More than 40 years ago, my mother and one of her best friends struck an unconventional deal: They would share me.
My mom, Beth Dahlstrom, met Isabel Peterson when they were both nurses at a Southern California hospital. They became even closer friends when both became pregnant with their first child in their late 30s, later in life than many women at the time, and gave birth the same year.
I was 5 months old in July 1967 when Isabel’s son, Wendell, was born. My mom still cries when she recounts that phone call. Something was wrong with the baby, Isabel told her. He’d been having convulsions and was severely brain damaged. The doctors didn’t expect him to live.
“She was crying and I was crying and I said, ‘We’ll share Linda with you,’” my mom would later tell me. “I couldn’t imagine losing you, or truly knowing Isabel’s pain — the only thing I had to offer was sharing you.”
From that moment and through all the years since, Isabel has been my “other mother.” She’s always loved me in the deep, completely-in-your-corner, unconditional and yet no-nonsense way that great mothers do.
As a child, I played in the lemon grove behind her house, tussled with her dog and looked up to her stepchildren, LaDona, Scott and Greg, who were older and seemed so much more sophisticated. If I got frustrated with my parents, I’d threaten to go live with Isabel.
Years later, after my family moved to another state, she made my favorite chocolate chip oatmeal cookies and mailed them to my college. Later still, when my mother was battling breast cancer and my father was dying of heart disease, Isabel sought me out to remind me she was still here; I could count on her.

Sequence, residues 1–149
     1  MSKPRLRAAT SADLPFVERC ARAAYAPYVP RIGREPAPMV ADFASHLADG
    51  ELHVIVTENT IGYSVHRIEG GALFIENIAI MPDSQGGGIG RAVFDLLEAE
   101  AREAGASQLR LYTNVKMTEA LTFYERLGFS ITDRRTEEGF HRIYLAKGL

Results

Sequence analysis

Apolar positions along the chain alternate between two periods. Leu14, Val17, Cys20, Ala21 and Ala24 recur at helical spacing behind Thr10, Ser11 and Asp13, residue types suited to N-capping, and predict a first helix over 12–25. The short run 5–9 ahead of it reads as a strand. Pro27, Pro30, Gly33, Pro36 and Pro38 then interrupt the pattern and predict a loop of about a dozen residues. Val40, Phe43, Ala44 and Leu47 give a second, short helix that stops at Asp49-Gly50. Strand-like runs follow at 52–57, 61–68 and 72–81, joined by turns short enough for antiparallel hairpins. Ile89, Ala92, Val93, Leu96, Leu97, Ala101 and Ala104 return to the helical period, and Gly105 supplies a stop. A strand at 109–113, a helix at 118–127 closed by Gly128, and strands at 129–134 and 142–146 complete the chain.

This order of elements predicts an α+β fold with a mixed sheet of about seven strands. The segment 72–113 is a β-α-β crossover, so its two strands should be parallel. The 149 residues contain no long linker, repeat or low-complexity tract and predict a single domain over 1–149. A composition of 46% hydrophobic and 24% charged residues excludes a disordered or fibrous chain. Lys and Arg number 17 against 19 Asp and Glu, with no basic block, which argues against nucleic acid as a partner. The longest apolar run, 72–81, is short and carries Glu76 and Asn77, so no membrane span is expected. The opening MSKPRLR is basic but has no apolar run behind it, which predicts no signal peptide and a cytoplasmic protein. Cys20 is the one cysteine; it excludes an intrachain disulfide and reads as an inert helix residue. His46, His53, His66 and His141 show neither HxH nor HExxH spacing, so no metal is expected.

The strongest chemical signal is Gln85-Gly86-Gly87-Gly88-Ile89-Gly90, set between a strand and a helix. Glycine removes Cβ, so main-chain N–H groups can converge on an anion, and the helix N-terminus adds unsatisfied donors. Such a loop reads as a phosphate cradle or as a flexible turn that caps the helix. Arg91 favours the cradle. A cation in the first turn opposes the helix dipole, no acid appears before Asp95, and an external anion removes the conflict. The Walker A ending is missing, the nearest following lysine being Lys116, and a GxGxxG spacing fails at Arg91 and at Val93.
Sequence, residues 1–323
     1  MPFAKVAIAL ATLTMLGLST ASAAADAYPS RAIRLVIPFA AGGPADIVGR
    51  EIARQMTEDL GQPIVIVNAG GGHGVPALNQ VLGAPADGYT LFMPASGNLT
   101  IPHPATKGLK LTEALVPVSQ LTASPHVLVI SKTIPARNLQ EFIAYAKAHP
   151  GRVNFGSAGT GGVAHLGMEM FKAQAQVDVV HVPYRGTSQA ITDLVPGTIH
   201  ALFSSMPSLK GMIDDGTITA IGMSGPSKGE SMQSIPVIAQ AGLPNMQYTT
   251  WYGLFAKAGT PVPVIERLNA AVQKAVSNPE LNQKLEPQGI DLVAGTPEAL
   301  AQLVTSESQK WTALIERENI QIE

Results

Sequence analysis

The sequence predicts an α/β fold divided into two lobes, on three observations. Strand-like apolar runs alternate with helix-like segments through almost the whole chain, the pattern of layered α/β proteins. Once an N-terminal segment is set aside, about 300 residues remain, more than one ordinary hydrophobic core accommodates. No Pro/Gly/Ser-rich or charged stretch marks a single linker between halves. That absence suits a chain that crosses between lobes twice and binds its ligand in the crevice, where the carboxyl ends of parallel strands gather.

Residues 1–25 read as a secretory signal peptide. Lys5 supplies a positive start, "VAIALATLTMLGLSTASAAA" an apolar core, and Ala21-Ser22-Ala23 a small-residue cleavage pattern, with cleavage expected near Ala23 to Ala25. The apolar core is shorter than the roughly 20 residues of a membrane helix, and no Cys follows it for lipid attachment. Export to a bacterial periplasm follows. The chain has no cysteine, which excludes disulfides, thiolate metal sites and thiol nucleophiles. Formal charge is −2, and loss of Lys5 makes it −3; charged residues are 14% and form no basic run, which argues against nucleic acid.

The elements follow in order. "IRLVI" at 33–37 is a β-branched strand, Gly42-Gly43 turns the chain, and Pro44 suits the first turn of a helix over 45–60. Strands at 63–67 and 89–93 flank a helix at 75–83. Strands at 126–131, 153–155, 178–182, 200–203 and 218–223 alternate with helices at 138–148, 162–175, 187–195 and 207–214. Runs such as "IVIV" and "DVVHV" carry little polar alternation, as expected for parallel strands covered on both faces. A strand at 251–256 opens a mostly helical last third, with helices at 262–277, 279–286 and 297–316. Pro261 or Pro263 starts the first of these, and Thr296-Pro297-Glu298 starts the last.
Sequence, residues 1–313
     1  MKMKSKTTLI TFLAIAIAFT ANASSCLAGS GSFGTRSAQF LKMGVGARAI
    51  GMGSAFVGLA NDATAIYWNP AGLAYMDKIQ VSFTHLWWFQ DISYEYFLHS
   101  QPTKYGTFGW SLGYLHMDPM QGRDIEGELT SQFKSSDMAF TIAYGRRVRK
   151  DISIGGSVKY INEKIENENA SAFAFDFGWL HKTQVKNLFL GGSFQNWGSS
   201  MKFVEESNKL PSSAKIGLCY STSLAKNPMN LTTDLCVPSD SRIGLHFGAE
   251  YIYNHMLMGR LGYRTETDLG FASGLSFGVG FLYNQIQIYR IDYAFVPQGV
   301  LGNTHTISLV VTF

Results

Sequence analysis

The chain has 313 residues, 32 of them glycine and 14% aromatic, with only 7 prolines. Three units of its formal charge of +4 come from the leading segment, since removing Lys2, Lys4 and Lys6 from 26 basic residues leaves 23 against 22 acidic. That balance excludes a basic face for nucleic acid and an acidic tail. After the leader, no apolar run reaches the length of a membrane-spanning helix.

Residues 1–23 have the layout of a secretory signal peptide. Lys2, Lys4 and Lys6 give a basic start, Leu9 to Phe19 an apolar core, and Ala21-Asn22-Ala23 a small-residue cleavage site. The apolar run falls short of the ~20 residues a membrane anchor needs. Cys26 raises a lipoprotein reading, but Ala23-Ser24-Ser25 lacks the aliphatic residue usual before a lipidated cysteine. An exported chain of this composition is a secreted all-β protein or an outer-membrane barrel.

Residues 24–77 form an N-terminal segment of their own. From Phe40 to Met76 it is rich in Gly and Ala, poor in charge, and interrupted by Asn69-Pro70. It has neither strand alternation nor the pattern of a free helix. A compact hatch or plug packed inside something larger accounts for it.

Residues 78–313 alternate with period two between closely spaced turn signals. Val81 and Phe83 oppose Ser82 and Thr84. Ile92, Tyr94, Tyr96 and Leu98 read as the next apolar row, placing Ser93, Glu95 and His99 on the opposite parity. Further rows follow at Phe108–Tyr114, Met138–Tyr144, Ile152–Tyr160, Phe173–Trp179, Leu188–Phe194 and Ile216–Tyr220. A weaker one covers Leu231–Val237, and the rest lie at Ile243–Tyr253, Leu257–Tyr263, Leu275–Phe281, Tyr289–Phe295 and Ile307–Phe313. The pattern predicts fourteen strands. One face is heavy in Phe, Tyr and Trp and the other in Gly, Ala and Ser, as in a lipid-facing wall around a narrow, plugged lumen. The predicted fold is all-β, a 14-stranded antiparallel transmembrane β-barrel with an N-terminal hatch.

Our relationship has changed from my being her little girl into one of adult friendship as we've navigated life’s turns. And more recently, Isabel and I have become bound by something else — we’ve each learned what it means for a mother to lose a child.
A world upside down
Like Isabel and my mother, I also did not have my first child until my late 30s. Phoenix was a joyful, curious and gregarious little boy who loved to cuddle and be read to and who seemed so eager to embrace the world he’d come into.
But on July 7, 2005, when Phoenix was 7 months old, I woke in the dark to hear him making low moaning sounds. My husband, Mike, swept our son into his arms as I leapt for the thermometer. His fever was 102.
Even though we suspected we were overreacting, we headed straight to the emergency room. Phoenix, strong and sturdy, had always been astoundingly healthy; while his baby friends seemed to catch regular colds and flus, he’d never even had so much as the sniffles.
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In the emergency room, the doctor diagnosed him with the flu and sent us home. But a few hours later he seemed worse, so we took him to his pediatrician. In her office, Phoenix suddenly went limp.
I could barely breathe when the doctor pulled up his shirt and revealed a sudden rash that indicated bacterial meningitis, a rare but deadly infection of the brain and spinal cord that kills 10 percent of those it strikes.
That was the last moment of the life I had known.
Phoenix died two hours later, surrounded by hospital staff administering CPR as my husband and I sang lullabies to him, stroked his head and begged him not to leave us.
The instant Phoenix died, I tried to will my body to go with him. I didn’t want to be here without him. Years ago, a professor and father of two told me a parent’s main job is simply to protect and keep your child safe. At that, I had failed.
In the hours after Phoenix died, as I held his body in the twilight of the hospital room, I stripped off his clothes and pressed him against the skin of my stomach, trying to infuse my life into him, trade my life for his. To bring him back.
Phoenix was with God, I knew. Ultimately he was OK. But I was in agony.